Traffic was thick now. Llewis turned up the crappy radio in the van as we moved toward the hotel. The DJ played a song called “Slow Motion” by Vybz Kartel, probably the hottest dancehall singer in Jamaica right now. At that moment, Vybz was in jail, suspected (in the vaguest terms) of having gotten involved in Dudus-related violence. “But we’re hoping he’ll get out soon,” said Llewis as he drove. “Maybe this Friday.” This was the music Llewis loved best, not the old stuff (which he knew and respected). If the Wailers were playing now, this is what they’d be into. A young couple in a car next to us grinned and bobbed their heads to it as we rolled by. I’d never been wild about dancehall, but now I the last wailer realized it was because I’d never really heard dancehall. You can’t just “listen” to dancehall. It happens; you have to be there for it. The DJ was mixing together three or four different songs. Kartel’s hypnotic voice floated over the top of beats that would suddenly vanish, leaving only spacey bass-throbs, as the words kept running. “So this is now?” I asked. “Right?” “This is right now,” Llewis said, stabbing his finger at the radio. “This is Right. Now.”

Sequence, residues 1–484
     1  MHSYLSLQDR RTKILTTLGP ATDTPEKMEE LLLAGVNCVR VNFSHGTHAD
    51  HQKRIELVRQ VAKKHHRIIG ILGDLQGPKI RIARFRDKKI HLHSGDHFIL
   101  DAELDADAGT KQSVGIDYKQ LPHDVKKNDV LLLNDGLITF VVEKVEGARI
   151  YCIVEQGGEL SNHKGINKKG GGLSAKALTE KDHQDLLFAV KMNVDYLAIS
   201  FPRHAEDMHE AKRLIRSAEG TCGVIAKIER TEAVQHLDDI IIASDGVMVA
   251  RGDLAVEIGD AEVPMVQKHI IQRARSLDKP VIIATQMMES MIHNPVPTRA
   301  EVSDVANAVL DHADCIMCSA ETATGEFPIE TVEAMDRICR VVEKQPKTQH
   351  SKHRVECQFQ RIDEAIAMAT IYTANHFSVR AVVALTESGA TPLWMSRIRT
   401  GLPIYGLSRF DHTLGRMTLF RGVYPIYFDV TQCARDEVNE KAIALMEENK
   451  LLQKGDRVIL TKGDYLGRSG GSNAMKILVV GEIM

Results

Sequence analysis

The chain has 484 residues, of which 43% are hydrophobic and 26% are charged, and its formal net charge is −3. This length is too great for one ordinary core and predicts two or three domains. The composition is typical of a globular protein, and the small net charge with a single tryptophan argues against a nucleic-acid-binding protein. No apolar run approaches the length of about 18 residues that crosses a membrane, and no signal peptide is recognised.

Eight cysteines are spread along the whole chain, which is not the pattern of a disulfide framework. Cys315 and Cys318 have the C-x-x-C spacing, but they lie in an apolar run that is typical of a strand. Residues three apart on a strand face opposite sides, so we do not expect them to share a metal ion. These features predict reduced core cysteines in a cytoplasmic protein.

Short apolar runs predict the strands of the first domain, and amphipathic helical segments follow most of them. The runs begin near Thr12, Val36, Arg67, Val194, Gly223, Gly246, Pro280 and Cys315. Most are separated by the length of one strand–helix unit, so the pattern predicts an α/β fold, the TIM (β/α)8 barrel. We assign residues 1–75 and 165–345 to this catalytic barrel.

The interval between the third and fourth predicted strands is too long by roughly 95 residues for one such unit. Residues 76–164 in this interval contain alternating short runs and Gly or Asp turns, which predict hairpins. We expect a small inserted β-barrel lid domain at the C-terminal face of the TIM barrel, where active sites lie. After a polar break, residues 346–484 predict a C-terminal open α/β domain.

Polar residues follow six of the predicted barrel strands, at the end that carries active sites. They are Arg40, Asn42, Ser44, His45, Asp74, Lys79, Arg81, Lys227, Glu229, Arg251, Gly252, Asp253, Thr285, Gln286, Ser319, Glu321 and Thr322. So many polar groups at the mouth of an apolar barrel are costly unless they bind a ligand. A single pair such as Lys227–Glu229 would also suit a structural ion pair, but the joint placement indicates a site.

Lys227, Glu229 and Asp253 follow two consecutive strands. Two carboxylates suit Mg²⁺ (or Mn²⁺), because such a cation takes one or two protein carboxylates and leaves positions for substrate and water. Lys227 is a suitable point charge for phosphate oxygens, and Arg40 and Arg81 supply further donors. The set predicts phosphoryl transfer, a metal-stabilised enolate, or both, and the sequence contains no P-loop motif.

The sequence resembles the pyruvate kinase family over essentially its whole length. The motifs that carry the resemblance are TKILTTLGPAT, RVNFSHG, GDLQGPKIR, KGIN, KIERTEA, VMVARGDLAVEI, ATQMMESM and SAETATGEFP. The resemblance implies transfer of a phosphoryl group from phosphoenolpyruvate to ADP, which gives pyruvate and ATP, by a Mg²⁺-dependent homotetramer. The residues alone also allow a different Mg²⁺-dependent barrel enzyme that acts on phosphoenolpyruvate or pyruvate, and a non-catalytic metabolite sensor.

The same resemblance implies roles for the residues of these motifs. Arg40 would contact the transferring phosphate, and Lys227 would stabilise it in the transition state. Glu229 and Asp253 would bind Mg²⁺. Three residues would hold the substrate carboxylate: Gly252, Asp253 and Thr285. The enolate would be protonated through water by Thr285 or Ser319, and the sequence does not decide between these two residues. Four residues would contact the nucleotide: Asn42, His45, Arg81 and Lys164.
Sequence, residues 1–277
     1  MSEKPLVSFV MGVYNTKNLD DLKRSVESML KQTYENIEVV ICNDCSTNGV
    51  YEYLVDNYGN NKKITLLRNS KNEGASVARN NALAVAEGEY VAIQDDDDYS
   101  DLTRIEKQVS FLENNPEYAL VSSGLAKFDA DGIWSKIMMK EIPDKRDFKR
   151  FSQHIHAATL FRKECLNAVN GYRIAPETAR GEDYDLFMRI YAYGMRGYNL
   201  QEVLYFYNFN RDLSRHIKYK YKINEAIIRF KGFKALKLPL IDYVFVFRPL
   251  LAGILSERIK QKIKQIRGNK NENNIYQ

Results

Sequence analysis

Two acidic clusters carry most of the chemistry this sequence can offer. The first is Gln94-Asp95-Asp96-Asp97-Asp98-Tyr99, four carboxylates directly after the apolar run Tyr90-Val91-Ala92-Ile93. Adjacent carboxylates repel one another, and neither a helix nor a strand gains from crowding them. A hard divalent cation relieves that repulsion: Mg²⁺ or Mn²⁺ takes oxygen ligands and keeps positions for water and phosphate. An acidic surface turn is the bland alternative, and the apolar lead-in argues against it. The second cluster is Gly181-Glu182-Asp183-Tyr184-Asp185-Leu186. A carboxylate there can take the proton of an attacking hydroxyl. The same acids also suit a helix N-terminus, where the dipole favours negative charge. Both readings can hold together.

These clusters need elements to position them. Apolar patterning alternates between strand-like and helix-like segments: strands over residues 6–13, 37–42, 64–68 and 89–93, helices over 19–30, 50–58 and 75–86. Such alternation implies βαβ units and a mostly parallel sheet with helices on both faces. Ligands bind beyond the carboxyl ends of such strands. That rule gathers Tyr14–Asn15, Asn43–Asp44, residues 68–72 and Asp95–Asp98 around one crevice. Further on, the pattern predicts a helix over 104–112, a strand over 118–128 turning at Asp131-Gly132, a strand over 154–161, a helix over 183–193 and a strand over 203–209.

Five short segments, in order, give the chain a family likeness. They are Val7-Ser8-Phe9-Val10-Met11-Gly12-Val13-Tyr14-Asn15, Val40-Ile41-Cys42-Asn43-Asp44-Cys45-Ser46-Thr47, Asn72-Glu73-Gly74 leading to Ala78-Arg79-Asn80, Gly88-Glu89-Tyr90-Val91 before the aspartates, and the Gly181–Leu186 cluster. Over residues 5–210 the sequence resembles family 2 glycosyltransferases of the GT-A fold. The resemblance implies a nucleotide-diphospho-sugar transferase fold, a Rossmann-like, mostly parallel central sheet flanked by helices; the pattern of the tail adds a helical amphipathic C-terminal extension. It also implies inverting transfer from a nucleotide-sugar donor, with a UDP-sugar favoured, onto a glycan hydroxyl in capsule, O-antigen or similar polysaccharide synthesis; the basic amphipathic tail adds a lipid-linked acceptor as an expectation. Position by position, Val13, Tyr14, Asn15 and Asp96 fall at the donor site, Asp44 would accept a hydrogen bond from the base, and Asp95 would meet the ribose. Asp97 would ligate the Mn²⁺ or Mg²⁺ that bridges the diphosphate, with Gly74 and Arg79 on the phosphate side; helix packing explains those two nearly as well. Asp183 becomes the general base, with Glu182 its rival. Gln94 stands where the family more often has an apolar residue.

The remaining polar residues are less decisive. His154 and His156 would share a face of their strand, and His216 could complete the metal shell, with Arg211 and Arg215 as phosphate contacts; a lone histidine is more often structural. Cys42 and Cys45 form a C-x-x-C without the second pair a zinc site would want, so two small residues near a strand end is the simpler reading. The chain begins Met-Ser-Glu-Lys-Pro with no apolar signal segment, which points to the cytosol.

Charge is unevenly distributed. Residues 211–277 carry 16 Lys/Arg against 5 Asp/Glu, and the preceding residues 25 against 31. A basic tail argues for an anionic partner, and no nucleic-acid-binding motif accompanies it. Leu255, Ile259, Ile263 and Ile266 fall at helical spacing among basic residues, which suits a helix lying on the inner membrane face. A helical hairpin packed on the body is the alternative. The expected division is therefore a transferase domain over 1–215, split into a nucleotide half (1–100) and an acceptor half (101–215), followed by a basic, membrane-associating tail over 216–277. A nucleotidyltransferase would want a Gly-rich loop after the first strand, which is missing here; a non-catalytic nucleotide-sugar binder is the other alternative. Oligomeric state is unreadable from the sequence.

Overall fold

At the hotel, I downloaded “Slow Motion.” It was somewhat limp, in this version. It sounded like a karaoke mix of what we’d heard in the car. Vybz did not live on the computer. He was in the air over Kingston.
-“The Last Wailer”